The signing of the EEU agreement was a geopolitical victory for Russian President Vladimir Putin (photo:dpa)

China and the Eurasian Union - an ambivalent relationship

Russian President Vladimir Putin sees his grand vision of a Eurasian Economic Union of former Soviet states as guaranteeing his country’s continued relevance in an Asia which looks to be increasingly dominated by China. But far from showing concern, China remains remarkably nonplussed about the nascent organisation, writes GIS guest expert Vaughan Winterbottom. China’s nonchalant response may well be that it stands to gain much from the establishment of the EEU and will lose little.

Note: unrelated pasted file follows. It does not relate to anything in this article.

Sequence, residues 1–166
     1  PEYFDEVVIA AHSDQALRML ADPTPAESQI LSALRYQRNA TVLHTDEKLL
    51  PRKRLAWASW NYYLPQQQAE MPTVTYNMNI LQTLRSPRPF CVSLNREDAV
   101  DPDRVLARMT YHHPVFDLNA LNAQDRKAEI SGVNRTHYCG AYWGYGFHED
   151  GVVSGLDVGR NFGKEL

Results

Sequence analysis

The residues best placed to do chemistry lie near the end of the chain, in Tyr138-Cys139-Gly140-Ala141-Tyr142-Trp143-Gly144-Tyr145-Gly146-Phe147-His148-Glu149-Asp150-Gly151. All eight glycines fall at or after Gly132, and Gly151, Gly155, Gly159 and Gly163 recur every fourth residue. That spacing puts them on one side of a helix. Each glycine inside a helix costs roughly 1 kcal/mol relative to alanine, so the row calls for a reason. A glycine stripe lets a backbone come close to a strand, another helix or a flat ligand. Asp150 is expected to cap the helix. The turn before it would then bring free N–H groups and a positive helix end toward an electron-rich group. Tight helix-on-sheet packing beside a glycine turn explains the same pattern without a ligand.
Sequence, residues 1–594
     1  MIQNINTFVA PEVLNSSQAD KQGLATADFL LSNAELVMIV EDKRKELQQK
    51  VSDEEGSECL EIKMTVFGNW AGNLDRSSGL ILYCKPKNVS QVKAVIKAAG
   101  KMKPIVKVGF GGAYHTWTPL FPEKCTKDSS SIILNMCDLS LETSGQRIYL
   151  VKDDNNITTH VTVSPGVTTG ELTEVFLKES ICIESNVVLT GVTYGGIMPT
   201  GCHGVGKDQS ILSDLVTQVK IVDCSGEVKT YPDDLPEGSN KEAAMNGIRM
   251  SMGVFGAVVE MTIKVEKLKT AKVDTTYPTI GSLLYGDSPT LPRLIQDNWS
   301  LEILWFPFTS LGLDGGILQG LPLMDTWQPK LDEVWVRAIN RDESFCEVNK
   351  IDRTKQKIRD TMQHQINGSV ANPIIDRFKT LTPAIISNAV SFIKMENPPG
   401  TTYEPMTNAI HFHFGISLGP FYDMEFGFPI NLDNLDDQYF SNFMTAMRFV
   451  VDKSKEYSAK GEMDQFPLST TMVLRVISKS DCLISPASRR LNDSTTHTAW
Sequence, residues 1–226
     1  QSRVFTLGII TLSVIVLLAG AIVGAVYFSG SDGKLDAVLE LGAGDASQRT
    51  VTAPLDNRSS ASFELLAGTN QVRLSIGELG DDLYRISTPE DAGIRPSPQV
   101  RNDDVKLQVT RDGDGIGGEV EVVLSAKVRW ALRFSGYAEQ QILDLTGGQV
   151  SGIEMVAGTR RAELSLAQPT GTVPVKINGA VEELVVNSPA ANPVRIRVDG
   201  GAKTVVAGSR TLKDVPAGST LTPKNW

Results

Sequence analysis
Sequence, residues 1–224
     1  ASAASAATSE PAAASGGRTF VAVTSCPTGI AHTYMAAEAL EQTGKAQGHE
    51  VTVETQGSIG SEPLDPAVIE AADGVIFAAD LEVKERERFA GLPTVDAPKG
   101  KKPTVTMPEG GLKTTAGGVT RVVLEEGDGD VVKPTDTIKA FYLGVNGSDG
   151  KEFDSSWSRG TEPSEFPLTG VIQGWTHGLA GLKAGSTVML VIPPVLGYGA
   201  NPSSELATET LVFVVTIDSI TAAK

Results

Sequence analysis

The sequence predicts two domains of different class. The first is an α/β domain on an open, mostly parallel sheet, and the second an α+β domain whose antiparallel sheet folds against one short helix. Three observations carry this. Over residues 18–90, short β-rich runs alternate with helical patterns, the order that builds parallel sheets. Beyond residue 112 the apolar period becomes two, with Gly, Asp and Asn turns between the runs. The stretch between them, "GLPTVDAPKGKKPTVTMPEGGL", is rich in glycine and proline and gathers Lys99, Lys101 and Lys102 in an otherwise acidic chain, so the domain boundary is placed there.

THE Eurasian Economic Union (EEU) will become a reality on January 1, 2015. At present the union will consist of three members: Russia, Belarus and Kazakhstan. Kyrgyzstan and Armenia are scheduled to acced...

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 Vaughan Winterbottom
The EEU’s combined market contains 178 million people and registers a total Gross Domestic Product of roughly US$2.6 trillion - less than one fifth that of the US or EU, and one third that of China
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